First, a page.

"Anticipate. Tell a story. Be enthusiastic." These are the essentials Buckley Faculty Katie Pope emphasizes when she's teaching the secret to successful interviews. Katie leads our programs in interview skills for young professionals and coaches clients one on one.
"Over the years, I've conducted interview training from both angles," she says, "the interviewer and the interviewee. More than ever, I see similarities between interviewing and public speaking."
Here's how Katie's three essentials can help you be more successful at both:
"When interviewing, a candidate must prepare for questions she or he may be asked," Katie says. The process is straightforward: Brainstorm possible questions. Think through and practice your answers. "For speakers, the benefits of anticipating are huge. What questions will be in the minds of listeners? How can they be addressed proactively in the presentation?"
"I coach interviewees to develop brief, descriptive narratives to show what their accomplishments look like and how they've put those good qualities they want to project into action," says Katie. "Likewise, a speaker can really benefit from developing a story to illustrate a point. A story can make data memorable or make a process easier to apply. You can show a customer what a quality--such as good customer service--looks like when your company puts it into practice."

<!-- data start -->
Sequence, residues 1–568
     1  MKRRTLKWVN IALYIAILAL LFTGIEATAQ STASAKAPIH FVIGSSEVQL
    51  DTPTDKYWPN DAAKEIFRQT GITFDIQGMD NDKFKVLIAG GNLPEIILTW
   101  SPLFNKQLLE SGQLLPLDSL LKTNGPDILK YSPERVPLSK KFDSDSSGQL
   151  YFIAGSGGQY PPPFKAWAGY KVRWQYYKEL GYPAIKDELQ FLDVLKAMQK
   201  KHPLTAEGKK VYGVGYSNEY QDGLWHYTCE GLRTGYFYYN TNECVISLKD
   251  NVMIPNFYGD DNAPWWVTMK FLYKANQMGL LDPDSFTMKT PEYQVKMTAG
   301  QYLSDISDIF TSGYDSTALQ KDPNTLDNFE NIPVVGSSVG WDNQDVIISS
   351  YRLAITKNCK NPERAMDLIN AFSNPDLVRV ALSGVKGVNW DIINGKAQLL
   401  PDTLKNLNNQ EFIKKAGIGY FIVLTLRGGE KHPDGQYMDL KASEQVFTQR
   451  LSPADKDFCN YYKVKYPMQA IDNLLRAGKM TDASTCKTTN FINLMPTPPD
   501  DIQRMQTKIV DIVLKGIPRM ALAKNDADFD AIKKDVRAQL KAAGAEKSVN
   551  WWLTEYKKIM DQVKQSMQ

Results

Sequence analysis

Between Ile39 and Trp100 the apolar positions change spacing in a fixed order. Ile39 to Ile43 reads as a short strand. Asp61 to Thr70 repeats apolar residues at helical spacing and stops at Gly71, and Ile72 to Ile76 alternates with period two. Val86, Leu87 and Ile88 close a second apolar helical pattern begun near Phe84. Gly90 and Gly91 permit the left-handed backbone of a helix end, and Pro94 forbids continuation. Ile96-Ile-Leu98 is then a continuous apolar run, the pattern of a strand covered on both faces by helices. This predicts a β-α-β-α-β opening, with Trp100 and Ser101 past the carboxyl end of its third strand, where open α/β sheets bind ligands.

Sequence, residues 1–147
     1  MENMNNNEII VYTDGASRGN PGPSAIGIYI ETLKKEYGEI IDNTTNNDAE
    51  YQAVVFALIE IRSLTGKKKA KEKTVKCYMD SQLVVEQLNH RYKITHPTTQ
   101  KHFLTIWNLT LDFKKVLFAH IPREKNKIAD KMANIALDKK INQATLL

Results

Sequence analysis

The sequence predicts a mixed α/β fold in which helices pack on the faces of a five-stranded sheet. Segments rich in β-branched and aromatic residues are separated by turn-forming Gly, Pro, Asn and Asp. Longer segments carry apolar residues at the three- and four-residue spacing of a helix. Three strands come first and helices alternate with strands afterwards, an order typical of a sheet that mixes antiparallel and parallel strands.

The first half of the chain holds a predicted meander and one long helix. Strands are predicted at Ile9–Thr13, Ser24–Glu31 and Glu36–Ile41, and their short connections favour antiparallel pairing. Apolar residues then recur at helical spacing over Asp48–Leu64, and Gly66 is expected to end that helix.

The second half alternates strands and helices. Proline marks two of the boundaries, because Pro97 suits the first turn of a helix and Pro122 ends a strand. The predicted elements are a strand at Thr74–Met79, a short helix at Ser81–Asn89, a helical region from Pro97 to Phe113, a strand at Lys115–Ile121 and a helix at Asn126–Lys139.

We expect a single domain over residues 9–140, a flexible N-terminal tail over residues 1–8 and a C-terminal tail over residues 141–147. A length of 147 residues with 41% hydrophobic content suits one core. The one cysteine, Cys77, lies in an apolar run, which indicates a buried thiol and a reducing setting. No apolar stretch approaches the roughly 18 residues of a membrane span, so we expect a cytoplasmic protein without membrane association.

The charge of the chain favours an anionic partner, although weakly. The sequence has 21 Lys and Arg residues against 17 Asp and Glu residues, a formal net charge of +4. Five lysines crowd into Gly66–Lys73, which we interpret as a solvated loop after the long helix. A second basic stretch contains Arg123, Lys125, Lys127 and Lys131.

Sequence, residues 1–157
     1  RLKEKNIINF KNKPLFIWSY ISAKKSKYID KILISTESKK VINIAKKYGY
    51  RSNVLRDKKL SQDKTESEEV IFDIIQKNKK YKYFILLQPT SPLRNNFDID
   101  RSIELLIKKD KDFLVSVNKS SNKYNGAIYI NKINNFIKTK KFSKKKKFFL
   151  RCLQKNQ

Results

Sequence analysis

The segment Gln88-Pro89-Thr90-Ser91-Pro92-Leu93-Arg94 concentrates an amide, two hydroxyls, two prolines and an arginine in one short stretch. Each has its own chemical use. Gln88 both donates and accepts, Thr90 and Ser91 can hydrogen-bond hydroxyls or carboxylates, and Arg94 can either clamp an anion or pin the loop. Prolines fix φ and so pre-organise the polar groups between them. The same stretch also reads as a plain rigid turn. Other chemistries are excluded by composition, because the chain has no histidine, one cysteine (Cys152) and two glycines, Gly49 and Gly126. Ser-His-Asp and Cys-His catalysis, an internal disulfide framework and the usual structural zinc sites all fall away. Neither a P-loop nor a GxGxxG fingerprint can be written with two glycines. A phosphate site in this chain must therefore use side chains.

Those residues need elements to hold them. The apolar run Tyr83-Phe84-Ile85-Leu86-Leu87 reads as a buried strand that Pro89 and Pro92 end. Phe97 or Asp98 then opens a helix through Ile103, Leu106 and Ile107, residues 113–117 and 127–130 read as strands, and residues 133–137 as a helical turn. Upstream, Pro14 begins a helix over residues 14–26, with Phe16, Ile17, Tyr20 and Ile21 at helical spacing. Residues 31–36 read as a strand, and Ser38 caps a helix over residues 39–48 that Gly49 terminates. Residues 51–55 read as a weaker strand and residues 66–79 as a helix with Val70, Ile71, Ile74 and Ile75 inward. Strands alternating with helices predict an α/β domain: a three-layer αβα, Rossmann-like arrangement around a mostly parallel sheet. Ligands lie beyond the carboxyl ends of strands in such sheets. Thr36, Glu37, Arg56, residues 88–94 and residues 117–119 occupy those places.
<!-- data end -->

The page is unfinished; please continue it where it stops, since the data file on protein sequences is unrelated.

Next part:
"Rev up your engine," Katie says. "You should always be yourself but when interviewing or presenting, you should be your best self--energetic, enthusiastic, engaging." Interviewers, like audiences, don't just listen to what the person is saying. They read cues from the speaker and make decisions about the speaker from nonverbal communication. "One thing you want them to read is that you're glad to be there," says Katie.
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